Primal meat

It takes a certain amount of guts, if you’ll excuse me, to publish a book about meat in January, when the typical cookbook features words like “lean,” “slim,” and “salad”. But on the other hand, it *is* the dead of winter.  The spirit is willing, but the flesh is weak, and it wants meat, preferably on the bone with some fat attached.

Book Image

In last week’s mail I found Deborah Krasner’s brand-new Good Meat, sauntering onto the field with a T-bone steak and a weathered, macho high-carbon steel knife on the cover.  It’s not the first big meat book of its kind, but it’s one of the first to emphasize local sourcing, and guidance on how to navigate the search for local meat, wherever you are.  It also has fairly full descriptions of the primal cuts (the large cuts separated out by the butcher), and how they break down into the cuts you see on the retail shelf.  This is particularly helpful if you’ve ever glazed over trying to make sense of the hodgepodge of terms–chuck, round, bottom, sirloin, eye, ribeye etc.–that adorn a beef label.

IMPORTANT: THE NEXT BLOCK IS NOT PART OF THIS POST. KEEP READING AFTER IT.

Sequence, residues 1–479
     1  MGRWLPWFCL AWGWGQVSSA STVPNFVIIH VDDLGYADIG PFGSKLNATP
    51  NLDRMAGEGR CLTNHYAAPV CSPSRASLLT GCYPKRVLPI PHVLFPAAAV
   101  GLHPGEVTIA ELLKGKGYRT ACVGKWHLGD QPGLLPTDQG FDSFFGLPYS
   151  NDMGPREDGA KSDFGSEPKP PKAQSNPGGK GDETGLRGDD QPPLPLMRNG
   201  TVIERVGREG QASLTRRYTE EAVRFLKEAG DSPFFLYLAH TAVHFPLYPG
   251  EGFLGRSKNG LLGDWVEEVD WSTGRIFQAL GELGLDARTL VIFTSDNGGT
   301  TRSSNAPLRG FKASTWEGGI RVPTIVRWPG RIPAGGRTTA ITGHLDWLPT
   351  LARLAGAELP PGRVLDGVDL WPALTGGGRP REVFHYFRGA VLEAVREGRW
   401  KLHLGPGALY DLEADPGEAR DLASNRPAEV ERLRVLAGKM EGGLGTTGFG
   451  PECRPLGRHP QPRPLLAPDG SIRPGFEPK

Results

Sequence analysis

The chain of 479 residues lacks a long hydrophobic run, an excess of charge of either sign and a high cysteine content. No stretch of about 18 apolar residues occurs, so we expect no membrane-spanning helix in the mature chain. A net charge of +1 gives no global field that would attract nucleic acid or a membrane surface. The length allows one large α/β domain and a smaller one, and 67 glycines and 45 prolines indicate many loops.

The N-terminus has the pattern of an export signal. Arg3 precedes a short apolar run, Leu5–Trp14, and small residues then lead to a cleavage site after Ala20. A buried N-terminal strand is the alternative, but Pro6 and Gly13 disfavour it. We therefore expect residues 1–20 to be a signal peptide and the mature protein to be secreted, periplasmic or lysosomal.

For me at least, it comes at a fortuitous time, because it’s time to address the short ribs in the freezer.  Typically I cook them for 5 or 6 hours, but here I see two days is advisable–to help develop flavor and skim off the fat.  What’s your favorite slow meat recipe?

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